The C-130 Hercules remains the longest continuously produced military aircraft in history. The first flight of the YC-130 prototype was made on this day (23 August) 1954 from the Lockheed plant in Burbank, California. Burbank’s relationship with Lockheed was long and proud, but the city demonstrated a painful lack of strategic planning that left it in dire straits in the early 1990s, when Lockheed left town. The job losses and economic downturn were dramatic, to say the least. Burbank had relied too heavily on one industry, even though the signs of change in that industry had been evident for years. Today, the local economy in this charming SoCal city is once again relying heavily on an admirable and powerful industry. That industry is also showing signs of dramatic change, and Burbank must work proactively – in partnership with its resident businesses from the Media & Entertainment industries – to adapt and evolve, in order to stay aloft in turbulent times, economic, technological, and social.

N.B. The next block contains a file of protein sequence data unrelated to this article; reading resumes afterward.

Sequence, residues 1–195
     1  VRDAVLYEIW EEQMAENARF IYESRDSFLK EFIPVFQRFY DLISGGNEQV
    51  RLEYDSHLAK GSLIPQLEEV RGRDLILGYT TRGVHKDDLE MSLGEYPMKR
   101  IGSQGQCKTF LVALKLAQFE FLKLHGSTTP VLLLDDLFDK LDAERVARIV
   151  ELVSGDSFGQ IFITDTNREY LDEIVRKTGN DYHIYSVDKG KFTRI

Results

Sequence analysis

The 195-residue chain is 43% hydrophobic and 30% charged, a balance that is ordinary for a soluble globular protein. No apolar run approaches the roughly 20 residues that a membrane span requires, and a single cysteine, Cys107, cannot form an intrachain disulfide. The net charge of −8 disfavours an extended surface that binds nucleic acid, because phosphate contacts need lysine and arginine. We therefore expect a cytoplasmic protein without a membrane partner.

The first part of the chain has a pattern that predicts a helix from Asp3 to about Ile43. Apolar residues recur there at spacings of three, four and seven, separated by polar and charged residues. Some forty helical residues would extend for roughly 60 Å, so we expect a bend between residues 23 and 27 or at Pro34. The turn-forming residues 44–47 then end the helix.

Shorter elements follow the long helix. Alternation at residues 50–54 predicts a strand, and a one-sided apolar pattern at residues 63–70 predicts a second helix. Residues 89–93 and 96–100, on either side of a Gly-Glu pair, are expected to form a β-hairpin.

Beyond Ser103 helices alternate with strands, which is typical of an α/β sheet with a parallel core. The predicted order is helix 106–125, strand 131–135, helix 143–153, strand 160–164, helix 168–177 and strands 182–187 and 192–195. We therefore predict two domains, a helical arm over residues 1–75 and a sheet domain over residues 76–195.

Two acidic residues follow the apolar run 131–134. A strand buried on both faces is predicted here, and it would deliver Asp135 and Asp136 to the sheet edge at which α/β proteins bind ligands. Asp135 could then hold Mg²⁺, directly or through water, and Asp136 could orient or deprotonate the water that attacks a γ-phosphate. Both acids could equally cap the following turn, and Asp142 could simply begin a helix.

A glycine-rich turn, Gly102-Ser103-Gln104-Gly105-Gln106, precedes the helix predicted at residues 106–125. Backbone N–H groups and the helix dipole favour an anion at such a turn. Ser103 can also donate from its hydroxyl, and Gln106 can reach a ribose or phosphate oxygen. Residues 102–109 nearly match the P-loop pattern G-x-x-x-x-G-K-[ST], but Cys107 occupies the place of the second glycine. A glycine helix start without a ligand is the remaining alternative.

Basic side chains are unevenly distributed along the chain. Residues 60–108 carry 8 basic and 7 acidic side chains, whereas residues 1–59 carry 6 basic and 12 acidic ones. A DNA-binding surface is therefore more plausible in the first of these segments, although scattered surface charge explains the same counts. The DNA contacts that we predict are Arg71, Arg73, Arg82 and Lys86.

Cities are growing, as populations increasingly urbanize. Too many of these cities rely on a very few large sources of tax inflow, instead of diversifying their portfolio of revenues. Given that 99.7% of businesses in the US are small businesses, and 48% of US employees are small-business employees, I continue to advocate (with increasing volume!) for municipalities to support sustainable small business incubation: providing for scalable workforce growth, complementary innovations within pre-existing business ecosystems, and more agile infrastructures, capable of adapting to the increasingly explosive nature of 21st century markets, without becoming unduly subject to that same volatility.